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Bill Nye debates Ken Ham
| The divine comedy|
On February 4, 2014, famous science popularizer Bill Nye debated Young Earth creationist Ken Ham. The debate received a large amount of media hype (probably due to Nye's popularity) and took place at the Creation Museum in Kentucky, which Ham founded. The audience was limited to 900 seats, and tickets sold out two minutes after going online. Reportedly, over 3 million people watched the online live streaming event.
- 1 A rivalry is born
- 2 Opposition to the debate
- 3 Creation scientists
- 4 "Observational" versus "historical" science
- 5 Ham's use of informal logical fallacies
- 6 Ken Ham's predictions based on the Bible
- 7 The most telling moment
- 8 See also
- 9 External links
- 10 References
A rivalry is born
“”I say to the grownups, if you want to deny evolution and live in your world, that’s completely inconsistent with the world we observe, that’s fine. But don’t make your kids do it. Because we need them. We need scientifically literate voters and taxpayers for the future. We need engineers that can build stuff and solve problems.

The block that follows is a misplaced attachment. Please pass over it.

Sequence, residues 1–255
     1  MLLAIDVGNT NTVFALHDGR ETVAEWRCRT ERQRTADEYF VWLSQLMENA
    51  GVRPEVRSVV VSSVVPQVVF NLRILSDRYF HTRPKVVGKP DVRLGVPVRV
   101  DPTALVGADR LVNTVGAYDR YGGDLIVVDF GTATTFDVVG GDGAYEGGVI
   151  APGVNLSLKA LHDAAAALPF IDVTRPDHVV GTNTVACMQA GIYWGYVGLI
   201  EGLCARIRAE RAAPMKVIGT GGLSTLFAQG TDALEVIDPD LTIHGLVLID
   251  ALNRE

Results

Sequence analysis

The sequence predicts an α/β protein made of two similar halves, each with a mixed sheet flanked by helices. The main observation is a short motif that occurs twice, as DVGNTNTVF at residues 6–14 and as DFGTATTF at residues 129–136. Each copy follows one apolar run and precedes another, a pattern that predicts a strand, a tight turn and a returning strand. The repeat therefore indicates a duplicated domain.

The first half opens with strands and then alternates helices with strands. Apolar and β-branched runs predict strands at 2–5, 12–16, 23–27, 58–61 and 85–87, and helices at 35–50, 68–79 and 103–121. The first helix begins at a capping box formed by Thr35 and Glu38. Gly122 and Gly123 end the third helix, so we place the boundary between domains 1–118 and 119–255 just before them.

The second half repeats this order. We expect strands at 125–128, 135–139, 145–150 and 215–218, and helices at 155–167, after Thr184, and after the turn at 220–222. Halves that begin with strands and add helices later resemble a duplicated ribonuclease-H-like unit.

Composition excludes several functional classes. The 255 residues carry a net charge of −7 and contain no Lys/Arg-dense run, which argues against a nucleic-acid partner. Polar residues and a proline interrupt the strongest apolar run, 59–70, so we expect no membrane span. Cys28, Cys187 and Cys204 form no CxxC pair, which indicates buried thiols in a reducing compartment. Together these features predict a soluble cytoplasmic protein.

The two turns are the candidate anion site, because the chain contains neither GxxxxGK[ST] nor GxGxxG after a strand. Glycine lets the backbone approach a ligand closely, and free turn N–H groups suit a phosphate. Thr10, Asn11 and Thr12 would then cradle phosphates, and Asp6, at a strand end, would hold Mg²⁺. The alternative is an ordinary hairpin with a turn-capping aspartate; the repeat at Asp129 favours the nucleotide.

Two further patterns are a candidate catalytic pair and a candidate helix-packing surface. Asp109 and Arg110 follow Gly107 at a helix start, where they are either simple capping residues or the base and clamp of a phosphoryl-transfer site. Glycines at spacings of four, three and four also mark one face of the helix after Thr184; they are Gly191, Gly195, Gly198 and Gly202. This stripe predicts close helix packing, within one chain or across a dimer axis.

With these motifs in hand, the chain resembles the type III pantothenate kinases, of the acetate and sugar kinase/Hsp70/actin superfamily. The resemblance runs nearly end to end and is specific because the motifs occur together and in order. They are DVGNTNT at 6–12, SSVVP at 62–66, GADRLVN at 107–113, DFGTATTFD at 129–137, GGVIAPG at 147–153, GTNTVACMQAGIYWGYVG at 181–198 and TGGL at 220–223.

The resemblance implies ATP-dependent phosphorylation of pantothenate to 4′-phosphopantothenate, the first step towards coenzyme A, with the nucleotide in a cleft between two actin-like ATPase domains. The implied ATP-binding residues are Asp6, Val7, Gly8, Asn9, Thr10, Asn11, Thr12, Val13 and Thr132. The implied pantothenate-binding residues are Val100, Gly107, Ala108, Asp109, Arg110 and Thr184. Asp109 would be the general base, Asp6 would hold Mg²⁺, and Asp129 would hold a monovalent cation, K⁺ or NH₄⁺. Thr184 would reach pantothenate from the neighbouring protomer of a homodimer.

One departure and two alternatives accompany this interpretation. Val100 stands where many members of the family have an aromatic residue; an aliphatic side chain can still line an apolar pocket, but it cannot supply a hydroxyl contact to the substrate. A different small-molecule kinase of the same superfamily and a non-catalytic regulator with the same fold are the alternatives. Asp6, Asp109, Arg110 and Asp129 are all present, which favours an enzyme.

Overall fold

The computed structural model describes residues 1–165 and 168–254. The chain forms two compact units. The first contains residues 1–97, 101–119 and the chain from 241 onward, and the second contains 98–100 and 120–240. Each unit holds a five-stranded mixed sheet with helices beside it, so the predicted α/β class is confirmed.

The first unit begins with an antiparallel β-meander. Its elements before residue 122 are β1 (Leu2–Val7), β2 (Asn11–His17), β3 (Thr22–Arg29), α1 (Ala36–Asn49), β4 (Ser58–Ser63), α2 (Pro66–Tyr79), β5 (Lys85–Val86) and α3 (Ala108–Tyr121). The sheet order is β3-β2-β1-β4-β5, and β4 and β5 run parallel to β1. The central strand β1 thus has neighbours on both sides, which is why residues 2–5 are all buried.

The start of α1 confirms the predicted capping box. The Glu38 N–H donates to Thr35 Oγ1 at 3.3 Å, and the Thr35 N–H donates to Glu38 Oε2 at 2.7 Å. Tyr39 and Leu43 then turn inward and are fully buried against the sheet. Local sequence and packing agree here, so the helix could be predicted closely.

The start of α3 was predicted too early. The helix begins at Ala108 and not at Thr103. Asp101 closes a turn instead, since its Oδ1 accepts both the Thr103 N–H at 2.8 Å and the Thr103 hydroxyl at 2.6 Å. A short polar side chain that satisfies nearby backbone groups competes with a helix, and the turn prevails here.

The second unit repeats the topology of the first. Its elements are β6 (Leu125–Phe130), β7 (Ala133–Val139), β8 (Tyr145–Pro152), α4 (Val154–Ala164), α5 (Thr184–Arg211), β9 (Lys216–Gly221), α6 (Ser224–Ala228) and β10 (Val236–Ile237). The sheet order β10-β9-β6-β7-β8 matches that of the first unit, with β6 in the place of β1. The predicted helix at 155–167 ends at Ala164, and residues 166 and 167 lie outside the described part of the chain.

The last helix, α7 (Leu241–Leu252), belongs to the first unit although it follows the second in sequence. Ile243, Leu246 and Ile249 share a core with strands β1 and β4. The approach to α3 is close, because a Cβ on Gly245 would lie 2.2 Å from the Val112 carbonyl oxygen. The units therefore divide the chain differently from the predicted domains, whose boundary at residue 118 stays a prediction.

|—Bill Nye's Big Think video|
On August 23, 2014, Nye uploaded a Big Think video where he was unabashedly critical of creationism and evolution denial, and posted it to CNN's website, where it received a lot of buzz and it subsequently reached over one million views on YouTube. Ham reacted vehemently and released his own video in response, where he states that while Nye has produced a lot of what Ham calls "observational science", he also has a hidden agenda to teach children to not believe in God. Ham also states that believing in evolution is in direct opposition with a belief in God, and that Nye doesn't understand science. He also attempts to separate science into "historical" and "observational" divisions. Sometime after these two opposing videos were made, the challenge for a formal debate was issued.